Woman savaged by bull mastiff
By MEL MARTIN
JACQUI Fogarty feels lucky she is so tall and had rugged up for winter last Friday.
Otherwise, she fears the bull mastiff cross that attacked her in an Emerald Beach street could have got to her throat.
As it is, Mrs Fogarty will have permanent scars on her chest, and a lasting distrust of dogs.
"This dog jumped up on me. I'm nearly six feet tall and I was looking straight at its face," Mrs Fogarty said.
"It mangled my jumper, bruised my leg and bit me on the breast.
"I was in a lot of pain but what frightened me the most was that I thought this dog was just going to maul me."
Trying to get to a safe place, she ran into the back seat of her car.
"I was very distraught, shaking and crying. My head was spinning."
As she rang the police, Mrs Fogarty was horrified to see a woman with a pram and young boy walking along and the dog running out towards them 'like a speeding bullet'.
"It bit her and she screamed and they hurried off. I thought it was going to maul that little boy. I felt so helpless," she said.
Mrs Fogarty was able to warn off two little girls approaching on their pushbikes.
"I was screaming 'get away, get away'," she said.
And luckily, they did.
The dog was eventually taken away and has been impounded.
Woolgoolga police, who attended the scene, said they had not yet been able to speak to the owner and the fate of the dog could not be determined until then.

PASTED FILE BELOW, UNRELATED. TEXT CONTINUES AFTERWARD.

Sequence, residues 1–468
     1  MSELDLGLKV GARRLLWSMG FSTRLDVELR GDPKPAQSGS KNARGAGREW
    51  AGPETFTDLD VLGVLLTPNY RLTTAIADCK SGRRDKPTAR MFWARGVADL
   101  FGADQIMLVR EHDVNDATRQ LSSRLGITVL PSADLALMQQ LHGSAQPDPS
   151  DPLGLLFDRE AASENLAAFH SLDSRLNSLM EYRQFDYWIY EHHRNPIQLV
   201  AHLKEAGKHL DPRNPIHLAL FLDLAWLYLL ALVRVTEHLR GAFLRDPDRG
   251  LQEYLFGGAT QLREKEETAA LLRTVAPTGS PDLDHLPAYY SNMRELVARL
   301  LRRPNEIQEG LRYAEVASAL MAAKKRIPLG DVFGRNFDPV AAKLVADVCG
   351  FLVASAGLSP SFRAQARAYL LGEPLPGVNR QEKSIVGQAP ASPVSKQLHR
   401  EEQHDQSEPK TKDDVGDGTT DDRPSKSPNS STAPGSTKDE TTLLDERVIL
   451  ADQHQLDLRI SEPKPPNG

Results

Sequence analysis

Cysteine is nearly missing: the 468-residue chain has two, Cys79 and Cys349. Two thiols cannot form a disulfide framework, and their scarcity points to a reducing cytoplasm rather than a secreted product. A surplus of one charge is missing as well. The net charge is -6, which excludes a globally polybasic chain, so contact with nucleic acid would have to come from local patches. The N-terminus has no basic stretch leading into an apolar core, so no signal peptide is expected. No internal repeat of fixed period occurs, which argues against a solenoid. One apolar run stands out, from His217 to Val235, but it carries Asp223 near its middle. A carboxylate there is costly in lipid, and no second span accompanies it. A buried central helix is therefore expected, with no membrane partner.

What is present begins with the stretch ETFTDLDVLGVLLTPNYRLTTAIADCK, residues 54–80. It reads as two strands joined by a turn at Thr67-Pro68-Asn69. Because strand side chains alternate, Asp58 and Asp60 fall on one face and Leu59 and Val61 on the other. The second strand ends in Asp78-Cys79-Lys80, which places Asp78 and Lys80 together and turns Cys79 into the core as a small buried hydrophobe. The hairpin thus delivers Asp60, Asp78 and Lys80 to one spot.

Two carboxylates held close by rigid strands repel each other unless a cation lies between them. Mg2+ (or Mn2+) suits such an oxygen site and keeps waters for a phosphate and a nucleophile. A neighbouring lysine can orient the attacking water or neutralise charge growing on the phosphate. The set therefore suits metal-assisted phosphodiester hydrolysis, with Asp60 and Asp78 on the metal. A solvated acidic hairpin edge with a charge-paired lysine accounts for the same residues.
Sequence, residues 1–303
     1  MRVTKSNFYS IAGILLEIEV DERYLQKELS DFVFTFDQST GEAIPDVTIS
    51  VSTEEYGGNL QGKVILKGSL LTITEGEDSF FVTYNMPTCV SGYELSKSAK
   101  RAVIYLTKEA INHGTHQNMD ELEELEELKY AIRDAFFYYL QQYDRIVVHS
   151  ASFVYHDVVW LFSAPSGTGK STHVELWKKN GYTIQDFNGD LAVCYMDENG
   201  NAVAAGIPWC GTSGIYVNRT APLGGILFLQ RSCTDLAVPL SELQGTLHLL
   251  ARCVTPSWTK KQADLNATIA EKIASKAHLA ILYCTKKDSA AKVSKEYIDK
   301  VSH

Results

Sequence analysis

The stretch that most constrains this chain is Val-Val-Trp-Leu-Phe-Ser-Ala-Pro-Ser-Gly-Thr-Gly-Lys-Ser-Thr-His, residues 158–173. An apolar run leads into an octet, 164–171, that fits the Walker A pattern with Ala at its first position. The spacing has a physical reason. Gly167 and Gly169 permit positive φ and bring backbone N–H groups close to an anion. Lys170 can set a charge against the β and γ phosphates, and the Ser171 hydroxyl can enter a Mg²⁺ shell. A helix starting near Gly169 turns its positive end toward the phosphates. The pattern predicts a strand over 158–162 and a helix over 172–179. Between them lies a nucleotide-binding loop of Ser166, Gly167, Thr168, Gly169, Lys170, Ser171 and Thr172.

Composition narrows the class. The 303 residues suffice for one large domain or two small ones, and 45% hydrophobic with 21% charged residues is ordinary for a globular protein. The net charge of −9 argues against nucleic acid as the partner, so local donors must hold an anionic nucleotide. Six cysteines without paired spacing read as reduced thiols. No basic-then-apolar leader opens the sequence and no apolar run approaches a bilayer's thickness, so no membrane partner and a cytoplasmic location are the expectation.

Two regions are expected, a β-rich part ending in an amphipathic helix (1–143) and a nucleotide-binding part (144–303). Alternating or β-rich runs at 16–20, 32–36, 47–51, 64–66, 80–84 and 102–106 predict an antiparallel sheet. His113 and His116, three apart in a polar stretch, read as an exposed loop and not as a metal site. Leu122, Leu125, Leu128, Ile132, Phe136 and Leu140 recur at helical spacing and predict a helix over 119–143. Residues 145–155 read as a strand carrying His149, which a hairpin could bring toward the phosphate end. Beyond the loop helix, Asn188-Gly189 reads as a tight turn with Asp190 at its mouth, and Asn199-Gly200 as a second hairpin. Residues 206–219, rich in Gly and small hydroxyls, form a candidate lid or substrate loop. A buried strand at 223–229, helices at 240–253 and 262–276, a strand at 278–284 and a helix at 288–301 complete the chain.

But while this wasn't the first time the dog had attracted the attention of authorities, Coffs Harbour City Council said that it had not previously been declared dangerous, though a declaration would be in place today.
"The owner had (previously) been spoken to by council rangers and a warning issued regarding his responsibilities," Senior Ranger David Brooks said.
"He also has been fined on two occasions, these being for unregistered dog and one for uncontrolled dog in a public place. Neither of these fines related to the dog being considered dangerous."
For Mrs Fogarty letting dogs roam is not only dangerous, it's also neglect, putting them at risk of being run over.
"Dog owners should keep them under control. There is a reason there are laws," she said.
"People should be able to feel safe, even if they need to knock on someone's door.
"There are Red Cross people, mail deliverers, paper deliverers, a child might run and catch a ball."
She says she thought very seriously about what should happen to the bull mastiff cross.
"It's a beautiful, striking dog. I would feel sorry, but I think the most responsible thing to do is to put it down. It obviously has an aggressive nature, and I wouldn't like to take the gamble," she said.
"It frightens me that it could attack a child whose whole life could be destroyed.
"I would be horrified to think that after all the complaints and this attack, that they would give it another chance."